TENT2, TUT4 AND TUT7 SELECTIVELY REGULATE MIRNA SEQUENCE AND ABUNDANCE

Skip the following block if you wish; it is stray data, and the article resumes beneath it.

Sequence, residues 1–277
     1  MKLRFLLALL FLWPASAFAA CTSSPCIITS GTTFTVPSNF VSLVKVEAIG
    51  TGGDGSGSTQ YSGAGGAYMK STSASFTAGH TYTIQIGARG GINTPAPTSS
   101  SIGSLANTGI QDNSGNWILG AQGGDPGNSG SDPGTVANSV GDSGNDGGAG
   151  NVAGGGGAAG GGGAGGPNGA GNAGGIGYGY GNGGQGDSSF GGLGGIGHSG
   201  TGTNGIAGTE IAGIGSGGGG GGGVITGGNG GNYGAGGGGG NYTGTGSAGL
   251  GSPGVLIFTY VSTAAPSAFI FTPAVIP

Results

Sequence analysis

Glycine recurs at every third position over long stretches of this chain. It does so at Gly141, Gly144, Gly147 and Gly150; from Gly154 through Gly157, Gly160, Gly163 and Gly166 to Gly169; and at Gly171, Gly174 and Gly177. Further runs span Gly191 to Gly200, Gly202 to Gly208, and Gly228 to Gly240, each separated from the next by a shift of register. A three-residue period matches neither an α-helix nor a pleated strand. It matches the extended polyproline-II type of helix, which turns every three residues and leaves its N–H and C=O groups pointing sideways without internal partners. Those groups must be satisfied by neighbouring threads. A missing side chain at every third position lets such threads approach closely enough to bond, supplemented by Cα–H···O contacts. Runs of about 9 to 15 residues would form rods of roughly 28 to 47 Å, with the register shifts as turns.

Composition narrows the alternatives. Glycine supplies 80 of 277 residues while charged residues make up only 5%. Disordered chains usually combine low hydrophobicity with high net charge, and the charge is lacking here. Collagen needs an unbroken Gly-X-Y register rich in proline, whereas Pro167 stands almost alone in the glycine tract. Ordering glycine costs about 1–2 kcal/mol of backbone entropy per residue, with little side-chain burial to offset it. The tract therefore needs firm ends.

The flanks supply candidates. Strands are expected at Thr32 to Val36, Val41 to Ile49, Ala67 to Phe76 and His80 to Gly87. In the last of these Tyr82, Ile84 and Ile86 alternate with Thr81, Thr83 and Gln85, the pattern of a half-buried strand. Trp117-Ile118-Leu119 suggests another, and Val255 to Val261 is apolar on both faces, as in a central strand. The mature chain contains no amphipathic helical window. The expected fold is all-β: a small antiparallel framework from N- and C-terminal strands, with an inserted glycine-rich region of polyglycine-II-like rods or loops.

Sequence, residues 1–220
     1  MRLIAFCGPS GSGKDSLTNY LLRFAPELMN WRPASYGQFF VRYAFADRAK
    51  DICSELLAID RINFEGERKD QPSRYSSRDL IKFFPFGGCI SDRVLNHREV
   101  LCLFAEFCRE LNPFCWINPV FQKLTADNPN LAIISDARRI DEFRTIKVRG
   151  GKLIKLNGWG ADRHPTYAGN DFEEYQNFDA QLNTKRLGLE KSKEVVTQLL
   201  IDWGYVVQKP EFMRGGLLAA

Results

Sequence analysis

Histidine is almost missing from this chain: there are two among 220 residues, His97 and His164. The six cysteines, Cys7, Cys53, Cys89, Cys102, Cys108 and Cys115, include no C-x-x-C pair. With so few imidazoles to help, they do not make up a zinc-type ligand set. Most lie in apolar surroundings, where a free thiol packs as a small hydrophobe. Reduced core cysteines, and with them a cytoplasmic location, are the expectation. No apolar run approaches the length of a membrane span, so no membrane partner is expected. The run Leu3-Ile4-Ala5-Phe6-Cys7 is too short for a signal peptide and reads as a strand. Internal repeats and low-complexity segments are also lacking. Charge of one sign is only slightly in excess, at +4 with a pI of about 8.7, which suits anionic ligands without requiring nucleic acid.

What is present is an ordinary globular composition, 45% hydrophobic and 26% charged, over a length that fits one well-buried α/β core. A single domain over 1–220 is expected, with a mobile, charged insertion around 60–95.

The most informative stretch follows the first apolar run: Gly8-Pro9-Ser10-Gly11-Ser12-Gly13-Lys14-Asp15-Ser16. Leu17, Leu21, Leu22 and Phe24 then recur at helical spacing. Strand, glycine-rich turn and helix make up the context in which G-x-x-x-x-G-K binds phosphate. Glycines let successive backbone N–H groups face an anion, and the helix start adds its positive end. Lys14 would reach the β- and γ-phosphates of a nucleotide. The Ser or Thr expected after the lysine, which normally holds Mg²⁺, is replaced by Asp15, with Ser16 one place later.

Terminal nucleotidyl transferases (TENTs) generate miRNA isoforms (isomiRs) by posttranscriptional 3' sequence modifications (tailing). These modifications are subject to temporal or spatial regulation in development and diseases, including cancer, suggesting they may play a functional role. While it is well-established that uridylation of the miRNA let-7 precursor has a profound impact on its biogenesis, little is known as to how the tailing of other miRNAs affects their function and level in mammals. Here, to systematically investigate how TENTs regulate miRNA sequence and abundance, we generated a set of human HEK293T cell lines in which the major tailing enzymes: TENT2, TUT4, and TUT7, were knocked out individually or in combination. Deep sequencing analyses confirmed that uridylation or adenylation of miRNAs decreased accordingly and could be rescued by ectopic expression of the corresponding tailing enzyme(s). Interestingly, a significant reduction of 3' modifications was only observed when all three TENTs were depleted, indicating TUT4/7-mediated uridylation and TENT2-mediated adenylation compensate for each other. Individually, TENT2 contributes to guanylation and uridylation in addition to adenylation on mature miRNAs. TUT4 uridylates most miRNAs but prefers miRNA substrates ending with a purine. Despite being expressed and having a higher activity in vitro, TUT7 is dispensable for most uridylated isomiRs observed in cells. While TENT2 specifically modulates miRNA sequences, removing TENT2 has only a marginal impact on miRNA levels in HEK293T cells, arguing that TENT2 may not play a significant role in regulating miRNA stability. In contrast, abolishing uridylation led to the upregulation of a set of miRNAs. We identified miR-138 and miR-222, among others, that are regulated by TUT4/7-mediated uridylation via distinct mechanisms. Our results uncovered the molecular basis for selective but coordinated actions of TENTs, highlighted the precise control of different 3' miRNA modifications in cells, and paved the way to investigate their functional impact in cancer.